I didn’t know, honestly. I didn’t know I have a problem. I know something is wrong, because I have twice this pain when I was walking fast, and my cousin straight away say, “This is the heart. You’d better go and see a doctor.” Then but still I didn’t know I have a leakage, you see. I thought maybe, like before, I have angina, you see? But I am still on these tablets, you see, now. How you call it?
Statins? Are you?
Ah, right. Is that, how long have you been on statins? A long time?
Oh, on statins, I am now about two, three - two years, I think.
Not long, really, not very long.
Have you been taking anything else since the valve problem was discovered.
Or not? No, okay.
No. Still I am taking one, one every evening before I go to bed.
Were you surprised that they found something?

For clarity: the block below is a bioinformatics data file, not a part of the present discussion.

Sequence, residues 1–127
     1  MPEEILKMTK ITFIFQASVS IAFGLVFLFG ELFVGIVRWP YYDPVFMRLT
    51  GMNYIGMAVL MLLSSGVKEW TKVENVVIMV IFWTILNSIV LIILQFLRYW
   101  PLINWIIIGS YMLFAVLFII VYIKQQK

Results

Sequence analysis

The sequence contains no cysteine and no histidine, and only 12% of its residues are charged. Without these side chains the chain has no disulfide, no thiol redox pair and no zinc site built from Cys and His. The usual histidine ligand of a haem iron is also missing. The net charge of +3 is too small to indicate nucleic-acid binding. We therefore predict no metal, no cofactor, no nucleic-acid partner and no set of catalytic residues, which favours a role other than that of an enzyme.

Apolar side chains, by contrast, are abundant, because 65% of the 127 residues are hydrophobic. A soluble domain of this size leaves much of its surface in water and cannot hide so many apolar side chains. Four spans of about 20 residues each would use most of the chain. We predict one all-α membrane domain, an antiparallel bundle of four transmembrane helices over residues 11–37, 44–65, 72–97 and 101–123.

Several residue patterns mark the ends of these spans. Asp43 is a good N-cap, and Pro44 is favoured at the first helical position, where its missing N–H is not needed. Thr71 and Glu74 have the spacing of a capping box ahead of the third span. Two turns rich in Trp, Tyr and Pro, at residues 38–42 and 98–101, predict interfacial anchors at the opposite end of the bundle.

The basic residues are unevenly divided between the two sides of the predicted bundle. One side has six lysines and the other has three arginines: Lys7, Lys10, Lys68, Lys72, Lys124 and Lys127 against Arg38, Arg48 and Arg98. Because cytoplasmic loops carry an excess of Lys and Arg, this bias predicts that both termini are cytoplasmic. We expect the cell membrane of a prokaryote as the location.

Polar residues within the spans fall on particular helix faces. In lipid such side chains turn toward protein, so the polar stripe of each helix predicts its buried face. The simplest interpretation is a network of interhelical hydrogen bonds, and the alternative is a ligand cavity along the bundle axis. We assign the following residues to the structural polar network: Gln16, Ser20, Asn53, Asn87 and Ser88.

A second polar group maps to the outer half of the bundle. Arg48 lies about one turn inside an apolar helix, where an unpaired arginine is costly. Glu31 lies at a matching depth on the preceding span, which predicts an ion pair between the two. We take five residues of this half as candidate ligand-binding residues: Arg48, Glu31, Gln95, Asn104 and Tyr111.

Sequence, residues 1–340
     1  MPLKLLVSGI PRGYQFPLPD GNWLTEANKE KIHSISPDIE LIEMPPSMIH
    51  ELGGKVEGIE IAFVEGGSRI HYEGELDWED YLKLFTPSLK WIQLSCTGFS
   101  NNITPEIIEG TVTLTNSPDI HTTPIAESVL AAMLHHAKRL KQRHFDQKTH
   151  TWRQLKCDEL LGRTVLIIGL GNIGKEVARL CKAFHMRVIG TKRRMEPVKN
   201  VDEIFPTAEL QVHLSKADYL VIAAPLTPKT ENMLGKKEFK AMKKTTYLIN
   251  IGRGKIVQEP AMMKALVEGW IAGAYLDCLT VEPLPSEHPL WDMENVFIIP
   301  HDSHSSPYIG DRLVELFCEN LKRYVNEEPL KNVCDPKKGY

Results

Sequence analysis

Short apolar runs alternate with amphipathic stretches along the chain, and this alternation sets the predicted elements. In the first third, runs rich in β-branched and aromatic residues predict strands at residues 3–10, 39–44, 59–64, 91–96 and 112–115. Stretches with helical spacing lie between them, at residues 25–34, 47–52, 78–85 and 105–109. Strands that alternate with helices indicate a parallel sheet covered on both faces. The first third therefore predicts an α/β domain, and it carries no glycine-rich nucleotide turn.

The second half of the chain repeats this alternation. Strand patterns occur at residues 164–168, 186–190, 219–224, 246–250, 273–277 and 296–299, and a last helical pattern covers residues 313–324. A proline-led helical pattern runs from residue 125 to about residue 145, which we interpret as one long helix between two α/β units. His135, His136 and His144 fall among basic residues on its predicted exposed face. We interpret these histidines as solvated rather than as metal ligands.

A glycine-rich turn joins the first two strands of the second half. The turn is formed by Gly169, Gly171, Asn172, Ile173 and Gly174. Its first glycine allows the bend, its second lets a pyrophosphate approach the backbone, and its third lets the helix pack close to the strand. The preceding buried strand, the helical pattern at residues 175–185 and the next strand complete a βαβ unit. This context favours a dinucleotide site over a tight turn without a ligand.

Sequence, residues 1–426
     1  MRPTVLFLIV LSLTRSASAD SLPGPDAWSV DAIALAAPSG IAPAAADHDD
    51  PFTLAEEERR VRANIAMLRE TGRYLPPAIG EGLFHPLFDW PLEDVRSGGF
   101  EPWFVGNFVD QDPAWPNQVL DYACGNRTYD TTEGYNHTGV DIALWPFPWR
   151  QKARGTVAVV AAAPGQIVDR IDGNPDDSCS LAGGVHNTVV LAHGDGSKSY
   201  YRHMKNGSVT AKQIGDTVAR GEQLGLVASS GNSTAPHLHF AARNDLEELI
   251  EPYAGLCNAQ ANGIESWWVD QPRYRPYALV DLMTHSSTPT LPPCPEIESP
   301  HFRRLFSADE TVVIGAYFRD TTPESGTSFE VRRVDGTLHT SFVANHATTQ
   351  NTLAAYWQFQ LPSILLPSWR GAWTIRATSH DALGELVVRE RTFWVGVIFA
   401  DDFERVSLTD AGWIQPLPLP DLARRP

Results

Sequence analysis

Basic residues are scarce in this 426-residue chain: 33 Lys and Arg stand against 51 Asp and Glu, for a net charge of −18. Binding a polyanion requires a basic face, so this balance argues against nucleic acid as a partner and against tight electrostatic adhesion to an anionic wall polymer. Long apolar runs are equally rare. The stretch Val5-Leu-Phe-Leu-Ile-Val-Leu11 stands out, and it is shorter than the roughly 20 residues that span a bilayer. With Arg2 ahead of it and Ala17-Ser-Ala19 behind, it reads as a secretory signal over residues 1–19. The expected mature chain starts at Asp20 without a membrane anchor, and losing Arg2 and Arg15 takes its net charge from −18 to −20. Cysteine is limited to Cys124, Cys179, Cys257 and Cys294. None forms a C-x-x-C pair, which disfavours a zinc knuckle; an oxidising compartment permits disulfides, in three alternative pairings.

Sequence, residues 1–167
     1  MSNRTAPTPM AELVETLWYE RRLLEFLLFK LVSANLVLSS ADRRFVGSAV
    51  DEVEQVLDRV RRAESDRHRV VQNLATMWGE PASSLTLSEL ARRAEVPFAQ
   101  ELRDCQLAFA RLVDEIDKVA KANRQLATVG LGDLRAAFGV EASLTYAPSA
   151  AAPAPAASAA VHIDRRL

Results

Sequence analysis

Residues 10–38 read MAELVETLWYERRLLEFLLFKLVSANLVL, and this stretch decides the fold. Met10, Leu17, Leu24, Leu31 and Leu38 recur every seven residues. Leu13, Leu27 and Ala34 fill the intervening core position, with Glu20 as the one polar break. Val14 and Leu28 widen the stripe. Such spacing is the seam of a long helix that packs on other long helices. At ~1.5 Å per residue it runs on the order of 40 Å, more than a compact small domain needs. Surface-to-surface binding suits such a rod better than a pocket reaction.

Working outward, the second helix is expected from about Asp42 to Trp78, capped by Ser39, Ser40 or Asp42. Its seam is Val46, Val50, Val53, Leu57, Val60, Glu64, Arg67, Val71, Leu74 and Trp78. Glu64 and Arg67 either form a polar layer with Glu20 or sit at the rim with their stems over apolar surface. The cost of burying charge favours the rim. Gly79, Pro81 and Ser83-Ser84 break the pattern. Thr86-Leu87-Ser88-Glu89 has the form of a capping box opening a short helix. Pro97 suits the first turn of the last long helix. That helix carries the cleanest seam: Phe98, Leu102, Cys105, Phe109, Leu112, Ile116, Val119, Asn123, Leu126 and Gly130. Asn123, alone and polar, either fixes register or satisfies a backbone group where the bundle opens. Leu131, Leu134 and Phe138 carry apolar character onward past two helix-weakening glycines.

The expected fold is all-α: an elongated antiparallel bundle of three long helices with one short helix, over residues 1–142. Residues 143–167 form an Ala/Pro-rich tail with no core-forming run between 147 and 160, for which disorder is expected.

Yes and no, because the doctor was a very nice one, really, and she was telling me what she’s doing and this, and she told me then. You know, I was expecting there is something wrong, but I didn’t know what, to be honest.
And how did you feel when they told you there was this thing wrong?
To be honest, I wasn’t worried much. That is one thing. And second, if there is, today’s medicine is so advanced that even if I would need something then they will give me tablets or even operation, you know, if I will need. Anyhow, still I am not a youngster and a lot of my friends - men, women - gone already.
So is there a sort of feeling of reassurance, almost, having found something, that now you’re being followed up?
Then I will know. Then if something is, I will have pain, this and that, then I will not say, “Ah, tomorrow I will go.” I’ll go today, straight away [laughs].
Okay, so yes, it’s made you more aware.
Oh, yes. Definitely.